Ready for today's Beat 360°? Everyday we post a picture you provide the caption and our staff will join in too. Tune in tonight at 10pm to see if you are our favorite! Here is the 'Beat 360°' pic:
Zoo-keepers dressed up as giant pandas attempt to put Cao Gen the panda cub into a basket on February 20, 2011 in Wolong, Sichuan Province of China. The panda was released into the wild on Sunday, as part of a program to work towards the training of pandas to live independently in the wild. (Photo credit: ChinaFotoPress/Getty Images)
Have fun with it. We're looking forward to your captions! Make sure to include your name, city, state (or country) so we can post your comment.
Update: Beat 360° Winners:
"First the rabbit suit, now this?"
Tony, New Hampshire
"The Bigfoot Hoax team decided to try something a bit more believable this year."
CNN Wire Staff
Madison, Wisconsin (CNN) - Embattled Republican Gov. Scott Walker fired back at opponents of a budget bill that would increase the costs of benefits to public employees and curb their collective bargaining rights, describing in a written statement how current agreements give too much power to unions.
Walker highlighted questionable uses of taxpayer money as advocated by unions, noting a Milwaukee teachers union that last summer tried to negotiate health insurance using taxpayer dollars to pay for erectile dysfunction pills.
Unions have argued that collective bargaining - a process of negotiations meant to regulate working conditions - has instead served to protect wages and health care, enforce workplace safety and serve as a means to arbitrate employee grievances.
The bills' supporters say union contracts have hamstrung efforts to address the state's swelling deficit.
Some 385,000 workers belonged to a union in Wisconsin, accounting for more than 15 percent of wage and salary workers in 2009, according to the U.S. Bureau of Labor and Statistics.
The budget repair bill proposed by Walker to address a $137 million shortfall through June 30 would increase contributions of state workers to their pensions and health insurance benefits. It also requires collective bargaining units to conduct annual votes to maintain certification, a costly procedure, and eliminates the right of unions to have dues deducted from worker paychecks.
Walker says the measures are needed to head off a $3.6 billion budget shortfall by 2013 that could result in thousands of layoffs.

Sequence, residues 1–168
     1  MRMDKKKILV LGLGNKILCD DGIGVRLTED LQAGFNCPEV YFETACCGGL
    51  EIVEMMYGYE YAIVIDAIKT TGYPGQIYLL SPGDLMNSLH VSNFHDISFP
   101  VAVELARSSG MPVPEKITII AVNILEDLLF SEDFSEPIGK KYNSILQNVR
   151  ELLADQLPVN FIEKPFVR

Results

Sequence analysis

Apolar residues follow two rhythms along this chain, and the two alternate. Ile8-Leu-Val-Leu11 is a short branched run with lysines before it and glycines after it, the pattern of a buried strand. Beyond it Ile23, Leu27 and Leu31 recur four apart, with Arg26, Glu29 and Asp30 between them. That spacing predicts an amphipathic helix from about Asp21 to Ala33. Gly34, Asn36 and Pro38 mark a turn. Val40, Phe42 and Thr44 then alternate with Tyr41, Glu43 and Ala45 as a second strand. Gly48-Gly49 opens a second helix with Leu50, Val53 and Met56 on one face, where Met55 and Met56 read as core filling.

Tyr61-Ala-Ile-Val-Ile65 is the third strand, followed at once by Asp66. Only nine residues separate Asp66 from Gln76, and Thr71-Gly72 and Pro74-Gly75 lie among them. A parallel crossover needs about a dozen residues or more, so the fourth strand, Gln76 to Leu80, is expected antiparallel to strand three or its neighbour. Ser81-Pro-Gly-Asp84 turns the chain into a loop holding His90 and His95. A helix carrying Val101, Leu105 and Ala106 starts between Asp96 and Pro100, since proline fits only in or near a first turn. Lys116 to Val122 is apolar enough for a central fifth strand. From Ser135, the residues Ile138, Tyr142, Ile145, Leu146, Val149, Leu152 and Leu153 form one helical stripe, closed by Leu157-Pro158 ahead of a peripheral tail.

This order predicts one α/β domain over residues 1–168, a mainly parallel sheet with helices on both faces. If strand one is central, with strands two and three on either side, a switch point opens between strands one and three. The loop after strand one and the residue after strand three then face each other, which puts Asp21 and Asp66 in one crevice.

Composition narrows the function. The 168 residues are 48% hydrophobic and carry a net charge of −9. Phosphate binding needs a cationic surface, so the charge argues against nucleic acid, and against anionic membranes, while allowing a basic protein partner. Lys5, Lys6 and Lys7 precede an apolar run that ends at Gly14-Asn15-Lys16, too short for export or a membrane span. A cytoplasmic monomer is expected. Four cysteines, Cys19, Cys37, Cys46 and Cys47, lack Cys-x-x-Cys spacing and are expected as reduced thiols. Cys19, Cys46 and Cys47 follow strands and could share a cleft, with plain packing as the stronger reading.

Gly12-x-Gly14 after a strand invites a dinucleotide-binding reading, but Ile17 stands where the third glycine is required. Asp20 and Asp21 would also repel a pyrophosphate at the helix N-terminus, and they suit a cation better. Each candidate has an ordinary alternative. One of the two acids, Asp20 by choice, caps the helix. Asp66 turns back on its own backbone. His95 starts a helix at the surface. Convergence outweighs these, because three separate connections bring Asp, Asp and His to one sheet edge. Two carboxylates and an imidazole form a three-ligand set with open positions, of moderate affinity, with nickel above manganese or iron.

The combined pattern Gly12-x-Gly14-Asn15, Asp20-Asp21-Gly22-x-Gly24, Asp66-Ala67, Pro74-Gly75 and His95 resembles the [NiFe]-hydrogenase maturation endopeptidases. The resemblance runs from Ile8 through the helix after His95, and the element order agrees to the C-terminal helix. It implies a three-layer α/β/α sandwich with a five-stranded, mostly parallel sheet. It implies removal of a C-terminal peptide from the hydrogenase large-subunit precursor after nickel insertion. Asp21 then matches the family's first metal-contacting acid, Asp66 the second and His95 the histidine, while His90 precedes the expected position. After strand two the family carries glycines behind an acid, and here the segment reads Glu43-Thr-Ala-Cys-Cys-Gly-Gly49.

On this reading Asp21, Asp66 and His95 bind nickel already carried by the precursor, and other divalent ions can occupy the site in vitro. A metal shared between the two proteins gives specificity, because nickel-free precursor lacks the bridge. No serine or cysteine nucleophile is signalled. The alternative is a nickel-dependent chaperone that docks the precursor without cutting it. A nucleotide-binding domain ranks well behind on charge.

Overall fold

Meanwhile, the number of protesters gathering daily in Madison - it exceeded 50,000 on Saturday - had dwindled by Monday as a winter weather advisory was in effect for much of the state.
CNN Wire Staff
(CNN) - While state TV bounced between scenes of serene concert footage and orderly rallies in support of leader Moammar Gadhafi, eyewitnesses describe a far different, far more chaotic Libya - one with arms-toting mercenaries, demonstrators ramming stolen tanks into a military base and masked men firing guns and blasting pro-government tunes from their sport utility vehicles.
Sporadic gunfire continued to ring out early Monday in parts of the North African nation, albeit a far cry from the tumult seen at other times since demonstrations and clashes began Tuesday night in Benghazi.
Obtaining independent confirmation on events in Libya is very difficult. The Libyan government maintains tight control on communications and has not responded to repeated requests from CNN for access to the country. CNN has, however, interviewed numerous witnesses by phone.
Several people noted that major unrest came to Gadhafi's doorstep in the capital Tripoli for the first time on Sunday, where crowds of anti-government protesters loudly decried Libya's current government, set fires to cars and braved gunfire by uniformed and self-styled security forces.
Gunfire rang out in the capital's streets, some of it coming from the barrel of masked men driving through the streets, said one witness - who, like many others, isn't identified for safety reasons.
Tom Foreman | BIO
Reporter's Note: The president, like all other Americans, is celebrating the holiday. Unlike everyone else, however, he gets to do so with a letter from me.
Dear Mr. President,
Congratulations on this Presidents Day! I trust it will find you well and happy.
Does it ever occur to you when you are hanging out in the Oval Office or puttering around the Rose Garden what a very unusual position you are in? What am I saying? Ha! Of course it occurs to you. But I mean in the bigger, cosmic, “Holy cow, I’m keeping company with John Adams, Theodore Roosevelt, and Richard Nixon!” kind of way.
Think about this: When we celebrate the office of the presidency today, despite all the silhouettes of Washington and Lincoln on the paper cups, you are also part of the legacy we are commemorating. What an astonishing thing!
You will be, for all practical purposes, forever enshrined in this very elite group. (Well, forever is a long time…I guess I mean for as long as there is an America, which I hope is a very long time.) You could wind up on a coin, or with some kind of big marble statue of yourself on the National Mall, or maybe a building with your name on top. The rest of us can’t count on anything like that. Frankly, I’m delighted that I got away with scratching my initials onto the bathroom wall at my favorite barbeque joint, and I fully expect my descendents to poke at photos of me in just 50 years and say, “Now, who was this guy again?”
Anderson Cooper goes beyond the headlines to tell stories from many points of view, so you can make up your own mind about the news. Tune in weeknights at 8 and 10 ET on CNN.
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